SHEP DOELEMAN: Yeah, you’re exactly right. The analogy of like a rubber screen with a bowling ball in it that bends the rubber screen down—that’s really for visualization. In space, you’re looking at a three dimensional object. So the event horizon is this very dangerous and spooky boundary around the black hole through which once you go—in any dimension—you’re never coming back. It’s kind of a knot we can tie in the universe and never untie. So it is the only place in the universe that you can leave and never come back. But it is a three dimensional object. And as I was saying before, the energetics around the black hole make it a point in the universe that is really beyond our everyday conception of the way things work.
IRA FLATOW: What do you need to know about a black hole that you don’t know already?
SHEP DOELEMAN: Well that’s a great question. It turns out that if we can make images of the glowing emission around a black hole we can begin to ask some questions that we haven’t been able to ask before. One of which is, is Einstein right? So we have this beautiful general relativity theory from Einstein but it hasn’t been tested fully in the one place that might break down the universe right at the edge of a black hole because that’s where gravity is a dominant force. So one of the very interesting things we’re looking for is what we call the silhouette or the shadow of a black hole, and that’s when light beams from behind the black hole actually get bent around to our line of sight creating a ring of emission with a relatively dim interior. And so we get the shadow feature and this shape—the exact shape and size of that shadow—is prescribed by Einstein. It’s kind of interesting when you think about it. We make this Earth-sized virtual telescope, we observe this galaxy, and we might be able to see a shadow. And to understand that shadow we have to go back to equations that were written a hundred years ago by Einstein and called Karl Schwarzschild.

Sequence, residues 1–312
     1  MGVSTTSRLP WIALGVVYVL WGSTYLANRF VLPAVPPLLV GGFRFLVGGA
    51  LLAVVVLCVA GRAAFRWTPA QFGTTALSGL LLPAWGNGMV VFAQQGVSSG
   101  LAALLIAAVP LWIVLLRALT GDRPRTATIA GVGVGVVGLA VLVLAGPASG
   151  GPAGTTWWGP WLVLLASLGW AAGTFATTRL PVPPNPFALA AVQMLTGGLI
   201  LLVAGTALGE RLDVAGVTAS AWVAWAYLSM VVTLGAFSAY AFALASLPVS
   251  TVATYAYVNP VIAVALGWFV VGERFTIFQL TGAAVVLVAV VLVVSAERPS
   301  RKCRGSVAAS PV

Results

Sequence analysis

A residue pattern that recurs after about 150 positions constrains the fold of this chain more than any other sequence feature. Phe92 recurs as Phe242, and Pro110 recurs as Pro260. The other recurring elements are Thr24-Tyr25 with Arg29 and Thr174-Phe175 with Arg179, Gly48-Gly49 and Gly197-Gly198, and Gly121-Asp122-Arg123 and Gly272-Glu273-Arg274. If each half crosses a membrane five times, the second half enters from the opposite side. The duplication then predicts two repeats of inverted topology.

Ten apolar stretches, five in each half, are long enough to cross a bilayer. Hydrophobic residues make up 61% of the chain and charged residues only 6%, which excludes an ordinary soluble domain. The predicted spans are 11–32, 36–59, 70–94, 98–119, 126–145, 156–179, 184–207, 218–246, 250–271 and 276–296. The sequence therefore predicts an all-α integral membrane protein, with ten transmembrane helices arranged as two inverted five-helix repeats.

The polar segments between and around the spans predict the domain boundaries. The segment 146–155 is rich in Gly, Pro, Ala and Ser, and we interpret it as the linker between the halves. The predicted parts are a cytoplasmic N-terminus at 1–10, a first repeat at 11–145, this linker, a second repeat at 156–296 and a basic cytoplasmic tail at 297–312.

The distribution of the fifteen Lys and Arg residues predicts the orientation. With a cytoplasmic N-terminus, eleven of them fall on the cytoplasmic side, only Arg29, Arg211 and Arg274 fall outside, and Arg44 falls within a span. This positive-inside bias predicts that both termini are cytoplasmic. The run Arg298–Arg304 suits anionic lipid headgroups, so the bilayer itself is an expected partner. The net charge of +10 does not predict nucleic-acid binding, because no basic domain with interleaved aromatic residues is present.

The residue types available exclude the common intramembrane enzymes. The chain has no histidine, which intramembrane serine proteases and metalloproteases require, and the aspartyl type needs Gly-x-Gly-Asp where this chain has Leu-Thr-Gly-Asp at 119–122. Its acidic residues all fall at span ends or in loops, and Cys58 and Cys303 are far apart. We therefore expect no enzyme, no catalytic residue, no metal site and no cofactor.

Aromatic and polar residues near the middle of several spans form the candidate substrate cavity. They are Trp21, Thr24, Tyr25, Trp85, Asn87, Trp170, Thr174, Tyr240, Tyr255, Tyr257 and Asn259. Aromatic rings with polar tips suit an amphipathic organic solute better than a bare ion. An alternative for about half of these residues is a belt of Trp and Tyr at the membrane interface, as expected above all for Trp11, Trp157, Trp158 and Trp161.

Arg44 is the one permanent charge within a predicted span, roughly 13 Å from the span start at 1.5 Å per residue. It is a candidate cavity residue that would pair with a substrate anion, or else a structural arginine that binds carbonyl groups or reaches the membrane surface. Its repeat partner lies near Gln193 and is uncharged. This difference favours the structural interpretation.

IRA FLATOW: Isn’t that kind of the same experiment of the starlight going around the sun in a 1919 eclipse?
SHEP DOELEMAN: Precisely. And that’s what really put Einstein, you know, made him a household name. And now we’re in this stage we can say, well, and that’s when Einstein said, ‘Well, Newton’s wrong.’ Now we’re bizarrely at a point where we can ask, ‘Well, was Einstein right?’ And to do that we need these very advanced techniques [inaudible]. But the bending of starlight—that wonderful experiment during an eclipse—showed us that Einstein was right in the low-gravity regime around the sun. And the sun is just the sun. But around a black hole, the gravitational field is so much stronger that even small perturbations to Einstein’s theory should show up.
IRA FLATOW: Wow, that’s exciting. Good luck. Good luck on that. We’ll be—we’ll stay tuned.
SHEP DOELEMAN: Well it’s an international effort. A lot of people working on it, and we hope to have more to report soon.
IRA FLATOW: Thank you very much, Shep.
SHEP DOELEMAN: Alright, take care.
IRA FLATOW: Shep Doeleman is assistant director at the MIT Haystack Observatory in Westford Massachusetts.